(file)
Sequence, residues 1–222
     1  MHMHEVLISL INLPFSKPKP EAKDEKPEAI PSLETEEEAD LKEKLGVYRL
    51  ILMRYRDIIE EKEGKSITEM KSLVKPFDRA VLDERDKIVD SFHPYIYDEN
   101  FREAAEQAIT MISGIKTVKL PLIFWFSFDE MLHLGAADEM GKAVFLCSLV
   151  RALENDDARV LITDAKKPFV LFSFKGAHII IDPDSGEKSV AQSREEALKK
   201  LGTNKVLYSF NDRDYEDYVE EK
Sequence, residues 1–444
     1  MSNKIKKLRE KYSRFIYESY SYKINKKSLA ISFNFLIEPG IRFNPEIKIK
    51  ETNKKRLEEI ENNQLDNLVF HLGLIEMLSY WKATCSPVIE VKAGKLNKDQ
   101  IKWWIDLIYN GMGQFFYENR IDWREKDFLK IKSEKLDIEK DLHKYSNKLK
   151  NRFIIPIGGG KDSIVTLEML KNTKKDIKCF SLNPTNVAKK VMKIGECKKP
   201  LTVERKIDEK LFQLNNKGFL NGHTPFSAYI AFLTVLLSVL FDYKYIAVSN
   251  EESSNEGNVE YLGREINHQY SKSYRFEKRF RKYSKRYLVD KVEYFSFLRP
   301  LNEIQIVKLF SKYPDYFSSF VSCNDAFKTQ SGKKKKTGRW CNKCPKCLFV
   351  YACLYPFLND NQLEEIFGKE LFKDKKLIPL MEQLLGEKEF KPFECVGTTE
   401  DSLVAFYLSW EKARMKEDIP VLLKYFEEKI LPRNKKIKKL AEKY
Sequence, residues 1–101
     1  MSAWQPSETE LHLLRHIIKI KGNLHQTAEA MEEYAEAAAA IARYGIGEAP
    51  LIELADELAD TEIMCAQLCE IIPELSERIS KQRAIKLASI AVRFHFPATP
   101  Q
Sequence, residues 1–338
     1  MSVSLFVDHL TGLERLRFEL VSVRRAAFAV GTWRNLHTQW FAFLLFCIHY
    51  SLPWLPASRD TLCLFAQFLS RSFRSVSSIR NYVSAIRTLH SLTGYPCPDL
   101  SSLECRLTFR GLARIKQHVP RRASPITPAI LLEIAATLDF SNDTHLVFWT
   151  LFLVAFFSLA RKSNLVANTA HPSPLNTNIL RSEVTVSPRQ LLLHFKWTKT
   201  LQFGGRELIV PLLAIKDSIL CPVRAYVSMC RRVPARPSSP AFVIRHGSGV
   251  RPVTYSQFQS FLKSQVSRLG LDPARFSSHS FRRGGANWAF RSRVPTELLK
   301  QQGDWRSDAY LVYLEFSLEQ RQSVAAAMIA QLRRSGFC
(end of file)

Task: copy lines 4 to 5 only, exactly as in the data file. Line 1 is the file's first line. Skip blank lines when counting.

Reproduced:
   101  FREAAEQAIT MISGIKTVKL PLIFWFSFDE MLHLGAADEM GKAVFLCSLV
   151  RALENDDARV LITDAKKPFV LFSFKGAHII IDPDSGEKSV AQSREEALKK